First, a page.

On social media and online video platforms, influencers now play a core role in promoting products and services.  Even the smallest mention can cause product sales to go into overdrive; such is the power of these modern-day lifestyle evangelists.  In one such example, a small cosmetics business ‘Primary Pure’ used influencer marketing to triple sales in just one year.  While the reasons for the power of influencers is still being grappled with, it is widely believed that consumers have lost faith in traditional banner advertising and are increasingly likely to trust people.

However, due to the huge attraction of influencer marketing, regulators including the ASA have been forced to provide guidance to ensure influencers do not fall foul of advertising rules.  Its guidance makes clear that content may be considered an advertisement if the influencer was paid, or was given a freebie, or the brand had editorial control.  And if content is technically advertising, the content must make this clear to the audience.  Influencers also need to ensure they back-up any claims made.

Social media and political advertising

Facebook has been heavily criticised in recent years for not taking steps to prevent misleading advertising.  Facebook ads were a key tool for those determined to sway political opinion at the time of the US Elections and the UK EU referendum in 2016.  To tackle this in time for the upcoming EU elections, Facebook says they are putting in place strict checks to ensure the validity of political campaigners and candidates – in a bid to prevent foreign interference.  This is in sharp contrast to the previous rules (or lack of them) which allowed anyone to create and promote targeted ads to alter how people voted.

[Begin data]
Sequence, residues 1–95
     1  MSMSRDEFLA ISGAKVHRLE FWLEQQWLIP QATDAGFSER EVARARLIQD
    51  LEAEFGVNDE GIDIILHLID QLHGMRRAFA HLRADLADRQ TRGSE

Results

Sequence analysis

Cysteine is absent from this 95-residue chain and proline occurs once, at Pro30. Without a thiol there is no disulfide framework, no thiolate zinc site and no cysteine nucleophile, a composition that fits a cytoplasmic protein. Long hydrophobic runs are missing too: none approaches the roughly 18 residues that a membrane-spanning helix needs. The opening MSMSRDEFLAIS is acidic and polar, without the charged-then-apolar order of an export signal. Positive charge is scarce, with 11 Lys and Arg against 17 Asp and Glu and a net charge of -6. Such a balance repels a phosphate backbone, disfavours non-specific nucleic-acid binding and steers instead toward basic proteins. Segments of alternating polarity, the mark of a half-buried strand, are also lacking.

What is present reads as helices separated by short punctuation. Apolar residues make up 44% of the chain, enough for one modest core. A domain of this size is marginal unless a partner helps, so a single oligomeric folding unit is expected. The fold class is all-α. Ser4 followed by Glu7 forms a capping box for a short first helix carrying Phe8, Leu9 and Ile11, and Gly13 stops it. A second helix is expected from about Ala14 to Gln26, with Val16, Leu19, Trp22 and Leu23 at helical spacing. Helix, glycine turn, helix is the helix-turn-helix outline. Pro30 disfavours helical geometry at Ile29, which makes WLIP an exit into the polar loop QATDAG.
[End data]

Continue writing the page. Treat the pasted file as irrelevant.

What happens if you fall foul of the ASA/CAP code?

The UK approach to advertising standards on social media is primarily based on self-regulation.  This means that the ASA/CAP are not legally empowered to enforce adherence to their rules. However, sanctions can be provided.  This includes requiring the advertisement to be amended or withdrawn, issuing alerts to other members advising them to withhold access to advertising space.  CAP can also ask internet search providers to remove paid search advertisements which link to a page on the marketer’s website containing content which breaks the rules.

Beyond this, marketers may face adverse publicity if they fail to rectify or remove advertisements on their websites or other non-paid-for space.  And the name of the individual or business and the identified issue with their advertising may be featured on a dedicated section of the ASA website – note this is specifically designed to appear in search engine results when an end user searches for a company.